Vermont Slated to Grant a Private Right of Action to Consumers in New Data Privacy Bill


As Vermont joins the growing number of states with comprehensive consumer data privacy laws, it stands out from the crowd with the ability of Vermonters to bring a private right of action (PRA) against large data holders. In its proposed legislation, House Bill 121 (H.121), Vermont takes a stand against Big Tech’s use of consumer information. The PRA gives individual consumers the ability to pursue damages against large-scale data businesses that misuse their sensitive data.

“Vermonters value their privacy. It is embodied in our state motto: freedom and unity,” said Charity Clark, Vermont Attorney General. Clark has been an outspoken proponent of H.121, noting the potential consumer privacy concerns that arise in an age of artificial intelligence, biometric information, and commodified consumer data. Clark supports the idea that Vermonters have a right to control the use of their own data, as well as take personal action when that right is violated.  

The PRA in H.121 would give consumers the ability to seek damages against data holders that process the data of more than 100,000 Vermonters. Policy Analyst Matt Schwartz, who testified in front of the House Committee on Commerce and Economic Development, said that under H.121, “consumers who have been harmed by Big Tech’s data abuses will actually be granted the ability to defend their rights.” He went on to say that he “hope[fully] this marks a turning point in state privacy law, where lawmakers will become more comfortable with the idea of providing strong enforcement remedies for consumers, instead of punting the issue to under-resources (attorney general offices).”

H.121 is expected to be published and delivered to Governor Phil Scott of Vermont any day now. The latest status of the house bill came on 10 May. From the Senate floor, the House delivered the message that it “concurred in Senate proposal of amendment to House proposal of amendment.” After ample deliberation and bipartisan compromise over the past four months, Scott still has reservations about the power of the PRA. Indeed, the latest iteration of the bill nods at Vermont’s skepticism about the PRA being leveled against good-faith actors or small businesses.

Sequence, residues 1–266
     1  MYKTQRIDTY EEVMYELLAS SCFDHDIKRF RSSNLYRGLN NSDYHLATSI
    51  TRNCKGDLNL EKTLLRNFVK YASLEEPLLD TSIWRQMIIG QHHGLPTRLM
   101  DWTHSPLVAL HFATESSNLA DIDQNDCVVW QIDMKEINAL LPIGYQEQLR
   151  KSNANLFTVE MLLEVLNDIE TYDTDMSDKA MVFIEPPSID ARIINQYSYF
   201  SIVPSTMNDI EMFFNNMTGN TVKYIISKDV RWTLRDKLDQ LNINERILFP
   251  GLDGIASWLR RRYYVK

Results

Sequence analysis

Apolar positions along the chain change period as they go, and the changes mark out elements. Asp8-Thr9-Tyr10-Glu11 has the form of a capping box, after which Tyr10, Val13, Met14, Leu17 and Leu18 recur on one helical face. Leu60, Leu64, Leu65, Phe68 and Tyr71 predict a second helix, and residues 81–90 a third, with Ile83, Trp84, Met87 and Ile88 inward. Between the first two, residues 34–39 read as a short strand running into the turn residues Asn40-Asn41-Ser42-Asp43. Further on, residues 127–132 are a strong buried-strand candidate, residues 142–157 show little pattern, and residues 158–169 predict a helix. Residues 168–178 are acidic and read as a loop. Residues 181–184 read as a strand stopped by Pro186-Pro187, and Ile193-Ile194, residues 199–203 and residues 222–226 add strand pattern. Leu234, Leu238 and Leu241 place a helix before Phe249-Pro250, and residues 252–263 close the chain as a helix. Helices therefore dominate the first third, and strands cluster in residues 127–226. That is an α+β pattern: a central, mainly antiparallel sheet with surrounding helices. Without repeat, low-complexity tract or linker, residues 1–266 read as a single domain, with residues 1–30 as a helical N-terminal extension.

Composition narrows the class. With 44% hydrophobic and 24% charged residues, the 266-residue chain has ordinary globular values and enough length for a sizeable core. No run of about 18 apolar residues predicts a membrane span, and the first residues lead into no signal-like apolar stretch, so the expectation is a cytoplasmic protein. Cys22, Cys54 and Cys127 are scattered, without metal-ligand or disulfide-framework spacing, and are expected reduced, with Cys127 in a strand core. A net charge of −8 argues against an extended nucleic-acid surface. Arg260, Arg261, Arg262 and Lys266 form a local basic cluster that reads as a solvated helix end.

The 10 May iteration of H.121 reduced the power of the PRA in response to concerns from small and mid-size businesses. Section 8 of H.121 states that the Attorney General will be tasked with supplying implementation reports on the PRA’s effects. Among the points of consideration are applicability thresholds ensuring that the PRA is not harming Vermont’s small businesses, whether damages are adequately balancing consumers’ interests in enforcing personal data rights against incentives for frivolous claims, and other mechanisms to ensure the PRA is targeting actors who actually engage in unfair or deceptive practices.

The Attorney General’s reports on these criteria, among others, will assist with the development of legislative language for the implementation of the PRA within 9 V.S.A. chapter 61A. Should H.121 be signed into law by the Governor, businesses will have some additional time before the PRA takes effect. It is slated for enactment on July 1, 2025, and the private right of action will become effective on January 1, 2027. There is a two-year sunset provision with an option for renewal. After the two-year trial period, the Attorney General’s aforementioned reports will direct the future expansion or reduction of the PRA.  

H. 121 is positioned to join New Jersey, New Hampshire, Kentucky, Nebraska, and Maryland in passing comprehensive privacy laws in 2024. 

*This article was drafted with assistance from Olivia Lane, student at Wake Forest School of Law and summer law clerk at Burr & Forman.

Jump to Page

Contact Us

About Burr & Forman Cybersecurity & Data Privacy Law

Burr & Forman's experienced team helps clients navigate the complex cybersecurity and data privacy landscape with strategies designed to assess current risks, develop a corrective action plan, implement best practices, and provide immediate and appropriate responses to a cybersecurity breach.

We use cookies to improve your website experience, provide additional security, and remember you when you return to the website. This website does not respond to "Do Not Track" signals. By clicking "Accept," you agree to our use of cookies. To learn more about how we use cookies, please see our Privacy Policy.

Necessary Cookies

Necessary cookies enable core functionality such as security, network management, and accessibility. These cookies may only be disabled by changing your browser settings, but this may affect how the website functions.

Analytical Cookies

Analytical cookies help us improve our website by collecting and reporting information on its usage. We access and process information from these cookies at an aggregate level.